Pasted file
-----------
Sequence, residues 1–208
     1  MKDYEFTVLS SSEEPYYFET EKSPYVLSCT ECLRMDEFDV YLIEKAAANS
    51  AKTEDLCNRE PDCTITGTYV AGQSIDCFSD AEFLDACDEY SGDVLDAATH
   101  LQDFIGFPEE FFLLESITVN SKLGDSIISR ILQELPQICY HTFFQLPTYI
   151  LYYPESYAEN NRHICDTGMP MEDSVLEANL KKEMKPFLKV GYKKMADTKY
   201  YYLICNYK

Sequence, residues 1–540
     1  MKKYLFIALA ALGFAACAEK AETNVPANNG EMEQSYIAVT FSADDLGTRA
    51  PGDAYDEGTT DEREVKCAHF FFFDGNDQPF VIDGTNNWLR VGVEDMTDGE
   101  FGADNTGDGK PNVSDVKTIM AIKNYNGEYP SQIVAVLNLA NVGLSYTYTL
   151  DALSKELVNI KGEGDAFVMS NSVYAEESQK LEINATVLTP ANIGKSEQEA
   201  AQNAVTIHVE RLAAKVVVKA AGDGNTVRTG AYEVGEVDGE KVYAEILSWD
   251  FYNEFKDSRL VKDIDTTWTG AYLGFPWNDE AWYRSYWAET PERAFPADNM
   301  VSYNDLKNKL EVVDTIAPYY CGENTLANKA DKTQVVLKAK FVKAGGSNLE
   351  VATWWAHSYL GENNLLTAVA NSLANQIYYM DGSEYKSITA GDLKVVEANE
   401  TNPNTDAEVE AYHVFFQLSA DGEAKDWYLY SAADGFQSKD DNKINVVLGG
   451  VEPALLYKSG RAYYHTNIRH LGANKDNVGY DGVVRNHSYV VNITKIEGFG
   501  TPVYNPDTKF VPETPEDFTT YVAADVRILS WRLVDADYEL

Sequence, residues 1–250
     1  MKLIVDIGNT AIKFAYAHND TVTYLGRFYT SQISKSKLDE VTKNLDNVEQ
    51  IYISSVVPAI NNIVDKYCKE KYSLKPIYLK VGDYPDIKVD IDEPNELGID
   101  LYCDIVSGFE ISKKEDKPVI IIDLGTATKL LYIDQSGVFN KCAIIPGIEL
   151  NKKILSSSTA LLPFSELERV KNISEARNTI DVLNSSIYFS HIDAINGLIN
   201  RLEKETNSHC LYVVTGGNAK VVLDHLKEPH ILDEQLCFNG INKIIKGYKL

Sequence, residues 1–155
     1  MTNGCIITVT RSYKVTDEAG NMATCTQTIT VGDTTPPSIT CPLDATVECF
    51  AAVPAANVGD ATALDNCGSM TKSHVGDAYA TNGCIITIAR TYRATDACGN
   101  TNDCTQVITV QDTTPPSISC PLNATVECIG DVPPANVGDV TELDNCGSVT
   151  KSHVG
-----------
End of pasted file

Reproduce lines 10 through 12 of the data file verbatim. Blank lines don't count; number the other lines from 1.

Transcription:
   101  FGADNTGDGK PNVSDVKTIM AIKNYNGEYP SQIVAVLNLA NVGLSYTYTL
   151  DALSKELVNI KGEGDAFVMS NSVYAEESQK LEINATVLTP ANIGKSEQEA
   201  AQNAVTIHVE RLAAKVVVKA AGDGNTVRTG AYEVGEVDGE KVYAEILSWD